Monday, 25 March 2013

Easter sensory play (Påsk"ris")

Green and yellow coloured rice were added to a big box together with a big cardboard traditional Swedish easter egg that can be used as two cup/bowl forms to collect things; some mini eggs; some chicks; tea-strainers. My aim was to offer an Easter themed sensory activity as one of the activities on offer as we welcomed a new child to our group. (I did not notice the heart shape until I looked at these photos - I just randomly dumped the rice in quickly before the children arrived)
The tea-strainers proved really fun (even for me - I just loved the way they suddenly snapped up a chick or an egg) and both the mini eggs and chicks fitted perfectly inside - although there were plenty of giggles every time feet got left outside. The children also tested using them as maracas - which had a variety of results as sometimes they did not seal properly as the odd rice corn would get between the outer lips and then rice would just shake all over the place.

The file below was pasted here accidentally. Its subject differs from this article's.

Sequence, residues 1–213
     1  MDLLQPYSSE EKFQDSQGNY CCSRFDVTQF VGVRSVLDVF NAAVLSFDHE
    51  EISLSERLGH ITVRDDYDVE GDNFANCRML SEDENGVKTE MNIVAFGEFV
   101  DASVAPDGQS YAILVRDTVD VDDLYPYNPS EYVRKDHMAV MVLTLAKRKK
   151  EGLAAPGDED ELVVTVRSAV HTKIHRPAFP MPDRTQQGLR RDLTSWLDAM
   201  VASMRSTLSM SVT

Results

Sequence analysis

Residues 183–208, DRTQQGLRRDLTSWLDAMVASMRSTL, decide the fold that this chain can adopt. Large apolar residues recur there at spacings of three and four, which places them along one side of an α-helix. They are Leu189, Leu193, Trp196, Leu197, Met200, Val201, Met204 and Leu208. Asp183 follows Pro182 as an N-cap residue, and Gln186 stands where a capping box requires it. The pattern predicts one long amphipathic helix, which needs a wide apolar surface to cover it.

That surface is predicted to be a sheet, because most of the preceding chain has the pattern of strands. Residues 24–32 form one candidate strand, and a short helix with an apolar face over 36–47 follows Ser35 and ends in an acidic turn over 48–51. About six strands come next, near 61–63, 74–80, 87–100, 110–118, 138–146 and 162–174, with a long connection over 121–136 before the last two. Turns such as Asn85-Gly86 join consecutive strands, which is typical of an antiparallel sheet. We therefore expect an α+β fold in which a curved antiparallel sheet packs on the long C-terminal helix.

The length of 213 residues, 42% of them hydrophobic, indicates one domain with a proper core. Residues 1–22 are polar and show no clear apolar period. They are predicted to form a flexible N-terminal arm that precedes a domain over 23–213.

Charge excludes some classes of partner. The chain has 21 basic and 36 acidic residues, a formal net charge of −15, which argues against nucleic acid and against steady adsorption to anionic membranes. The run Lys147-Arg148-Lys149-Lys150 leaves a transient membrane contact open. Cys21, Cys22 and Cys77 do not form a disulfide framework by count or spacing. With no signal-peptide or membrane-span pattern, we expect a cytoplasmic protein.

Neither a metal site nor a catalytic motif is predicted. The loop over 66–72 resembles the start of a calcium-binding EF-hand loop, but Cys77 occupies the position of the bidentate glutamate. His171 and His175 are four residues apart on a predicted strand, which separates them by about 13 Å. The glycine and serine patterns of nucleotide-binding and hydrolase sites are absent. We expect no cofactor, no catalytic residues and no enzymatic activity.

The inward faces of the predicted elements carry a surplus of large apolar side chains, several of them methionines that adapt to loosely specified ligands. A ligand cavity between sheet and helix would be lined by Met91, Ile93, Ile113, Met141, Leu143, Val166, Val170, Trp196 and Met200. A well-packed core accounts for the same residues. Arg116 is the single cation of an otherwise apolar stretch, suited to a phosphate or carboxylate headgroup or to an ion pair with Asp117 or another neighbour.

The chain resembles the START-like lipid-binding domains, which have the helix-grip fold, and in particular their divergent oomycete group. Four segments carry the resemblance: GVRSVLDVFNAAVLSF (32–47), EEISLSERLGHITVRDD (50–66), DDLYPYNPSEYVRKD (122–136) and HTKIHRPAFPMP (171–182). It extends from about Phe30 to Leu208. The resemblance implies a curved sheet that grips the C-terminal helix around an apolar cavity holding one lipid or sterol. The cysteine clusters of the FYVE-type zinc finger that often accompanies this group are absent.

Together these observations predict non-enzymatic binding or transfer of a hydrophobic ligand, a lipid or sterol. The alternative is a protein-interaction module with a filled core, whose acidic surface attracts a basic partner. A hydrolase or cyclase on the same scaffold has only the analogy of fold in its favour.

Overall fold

I added a mirror, as I saw there was an interest in taking out the rice from the box to put it on the mirror - much better to experiment and keep the rice contained. I can also recommend keeping hold of any HEXBUG tubes that you might get your hands on (they come in tube packaging) as this was great fun to play with.

A couple of clean paint brushes could be used to sweep the rice of the mirror and then create the space to let it rain down again
Of course the rice ended up on the light table - I mean who can resist? Not me at any rate!!
What I thought would be an activity that would entertain for about 10-20 minutes entertained the children for a full hour, and they returned to it in the afternoon. Various play was happening - from just testing and feeling, to filling and emptying, to role play of feeding the chicks, to experimenting with sound, to making piles, to collecting eggs, to collaboration skills and language skills, fine motor skills (opening and closing those tea strainers was not that easy for little hands, took a great deal of concentration). There was also construction and early writing skills in the rice - but most importantly there was friendship making.

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